The author of “The Vanishing Trial” reflects on the keys to achieving success and happiness in the business of law.
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When I entered private practice in February 1977, the legal world was dominated by white men and their favored educational, professional, and social institutions. After decades of exclusion, Jewish lawyers and law firms were becoming a meaningful presence in the field, but women and people of color were rarely seen, and almost never heard.
While the problems of racism and sexism have hardly disappeared from the practice of law today, a host of new problems have emerged that make professional happiness and success more elusive than ever. The COVID-19 pandemic has only multiplied daunting and unresolved difficulties in twenty-first-century lawyering. Among them are the existence of too many law schools, the concentration of too many lawyers in our major cities and too few in the rest of the country, and the impact of technology on the business of law.
On the more positive side, the over 150-year dominance of a handful of law schools as gatekeepers to the legal profession’s top positions is beginning to face scrutiny. As one example, listen to Malcolm Gladwell’s podcast “Revisionist History,” Season 4, Episodes 1 and 2. You will learn that a prominent statistical analysis of the legal profession reports that the correlation between success as a lawyer and the law school he or she attended is zero.
That’s right, zero.
So, with all of this uncertainty, what advice does someone admitted to the New York Bar in 1972 have for much younger colleagues?
Succeeding or Failing in the Business of Law
1. Be Open to Opportunities
In retrospect, I have often explained the success of my small, white-collar criminal law firm, Kaplan & Katzberg, in the following way: My partner, Ken Kaplan, and I did the right thing, by and large, for the wrong reasons. By that, I mean that when we left the United States Attorney’s Office after working together for four years, we believed we had the necessary relationships and experience to attract clients and maintain a private practice. Lawyers are professionals, of course, but in private practice, lawyers are also businesspeople. It is one thing to have the training and experience to perform legal tasks on a sufficiently high level; it is quite another to have actual clients willing to pay you for those services.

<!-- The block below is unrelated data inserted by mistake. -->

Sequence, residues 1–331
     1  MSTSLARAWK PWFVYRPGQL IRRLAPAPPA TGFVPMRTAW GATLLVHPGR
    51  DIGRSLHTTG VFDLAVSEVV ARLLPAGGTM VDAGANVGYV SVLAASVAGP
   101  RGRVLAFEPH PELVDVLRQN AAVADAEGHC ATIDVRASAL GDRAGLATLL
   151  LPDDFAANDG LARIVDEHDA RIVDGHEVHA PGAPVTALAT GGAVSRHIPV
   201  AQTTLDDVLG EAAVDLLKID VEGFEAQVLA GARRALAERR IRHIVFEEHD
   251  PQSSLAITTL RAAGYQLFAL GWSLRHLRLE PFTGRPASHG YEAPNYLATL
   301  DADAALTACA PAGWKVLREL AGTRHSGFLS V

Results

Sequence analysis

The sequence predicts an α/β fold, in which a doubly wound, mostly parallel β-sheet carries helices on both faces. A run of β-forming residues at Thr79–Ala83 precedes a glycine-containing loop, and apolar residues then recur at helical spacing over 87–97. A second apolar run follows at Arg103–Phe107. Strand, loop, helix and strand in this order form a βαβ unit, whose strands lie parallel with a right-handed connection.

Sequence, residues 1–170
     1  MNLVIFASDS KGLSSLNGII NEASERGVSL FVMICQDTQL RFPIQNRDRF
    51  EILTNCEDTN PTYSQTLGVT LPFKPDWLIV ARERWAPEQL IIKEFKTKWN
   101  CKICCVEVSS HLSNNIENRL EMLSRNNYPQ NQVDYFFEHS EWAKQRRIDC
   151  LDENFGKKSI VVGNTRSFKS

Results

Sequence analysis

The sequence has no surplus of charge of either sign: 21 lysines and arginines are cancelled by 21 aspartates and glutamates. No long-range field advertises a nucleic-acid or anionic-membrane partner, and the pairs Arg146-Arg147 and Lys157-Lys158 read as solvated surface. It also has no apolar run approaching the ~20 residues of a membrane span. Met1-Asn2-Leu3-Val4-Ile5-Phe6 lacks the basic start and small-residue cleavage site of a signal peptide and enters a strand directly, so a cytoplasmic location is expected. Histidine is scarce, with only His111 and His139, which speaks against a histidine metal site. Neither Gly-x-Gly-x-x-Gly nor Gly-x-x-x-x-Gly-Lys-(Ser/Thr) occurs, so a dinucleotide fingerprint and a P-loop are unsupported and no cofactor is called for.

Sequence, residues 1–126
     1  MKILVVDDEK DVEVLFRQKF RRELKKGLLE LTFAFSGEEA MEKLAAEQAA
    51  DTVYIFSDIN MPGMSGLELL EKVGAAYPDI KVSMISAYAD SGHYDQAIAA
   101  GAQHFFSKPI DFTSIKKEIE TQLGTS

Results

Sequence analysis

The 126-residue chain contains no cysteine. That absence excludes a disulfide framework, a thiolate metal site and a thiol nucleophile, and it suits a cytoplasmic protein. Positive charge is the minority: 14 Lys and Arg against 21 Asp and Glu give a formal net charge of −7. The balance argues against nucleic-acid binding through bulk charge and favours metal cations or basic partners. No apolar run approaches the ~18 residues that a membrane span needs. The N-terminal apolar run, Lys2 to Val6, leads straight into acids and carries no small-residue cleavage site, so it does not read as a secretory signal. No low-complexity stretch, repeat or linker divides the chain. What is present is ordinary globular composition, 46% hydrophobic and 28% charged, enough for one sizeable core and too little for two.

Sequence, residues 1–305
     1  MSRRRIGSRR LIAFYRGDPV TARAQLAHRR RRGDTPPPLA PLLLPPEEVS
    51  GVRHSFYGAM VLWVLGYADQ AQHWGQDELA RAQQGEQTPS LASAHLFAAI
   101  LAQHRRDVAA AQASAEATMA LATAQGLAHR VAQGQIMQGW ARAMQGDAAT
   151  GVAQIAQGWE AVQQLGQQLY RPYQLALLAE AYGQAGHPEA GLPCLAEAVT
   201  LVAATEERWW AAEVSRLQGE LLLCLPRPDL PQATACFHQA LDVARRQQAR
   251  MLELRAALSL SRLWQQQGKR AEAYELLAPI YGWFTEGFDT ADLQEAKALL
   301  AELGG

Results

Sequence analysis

As it turned out, the people and circumstances Ken and I believed would provide a client referral base turned out to be more wishful thinking than an accurate prognosis. Fortunately, people we had not yet met and circumstances we could never have imagined provided the basis of a business that lasted until I moved to California 39 years later.
So the first lesson is: Be open to new opportunities.
2. Treat Everyone as a Potential Referral Source
A second insight worth sharing came from Harry Kaplan, Ken’s father, in early February 1977 during the first week of Kaplan & Katzberg’s existence. Harry, a veteran courtroom lawyer, had invited Ken and me to lunch in the coffee shop of the Transportation Building in lower Manhattan, where his three-person, plaintiff’s negligence firm had its office. During the lunch, he gave us advice that was worth its weight in gold: Treat everyone, whether they be clients, other lawyers, opponents, or judges you appear before, as potential sources of business, because that is what they are. You never know in what future circumstance any person you are dealing with professionally today, will tomorrow be in a position to either refer a matter to you or keep you out of one.
3. “Good Lawyers Master the Art of Giving Up Nothing Graciously”
Next is a maxim attributed to the legendary criminal defense lawyer Edward Bennett Williams. “Good lawyers master the art of giving up nothing graciously.” When your opponent wants something from you, or you are requested by the court to do something, something that doesn’t adversely affect your position, or does so only at the margins, the smart lawyer is gracious in acceding. It costs nothing while allowing you to appear evenhanded and appropriate, a posture that will serve you well when it comes time for you to make a request.
4. Keep Your Promises and Your Credibility
This rule is the hardest to follow, yet as important as any: Never promise what you are not certain can be delivered.
Whether it is a statement made to a client, colleague, adversary, or judge, your credibility is everything. It is why clients come to you, it is why other lawyers listen to you, and it is why judges respect you. It is too precious an asset to lose to ego, inattention, guile, or posturing.
5. It’s Human Nature …
Whatever pandemic-safe practice will ultimately emerge; however the legal community adapts to better reflect and serve the general population; however we ultimately integrate technology into the practice of law; however legal education is modified to better suit new challenges, one thing is certain: Human nature will remain a dominate factor in career outcomes.
As a consequence, how you deal with others, and how others view you, will be the key to success or failure in the business of law. In short, interpersonal skills are as important as technical skills, personal connections, professional experience, educational background, or anything else.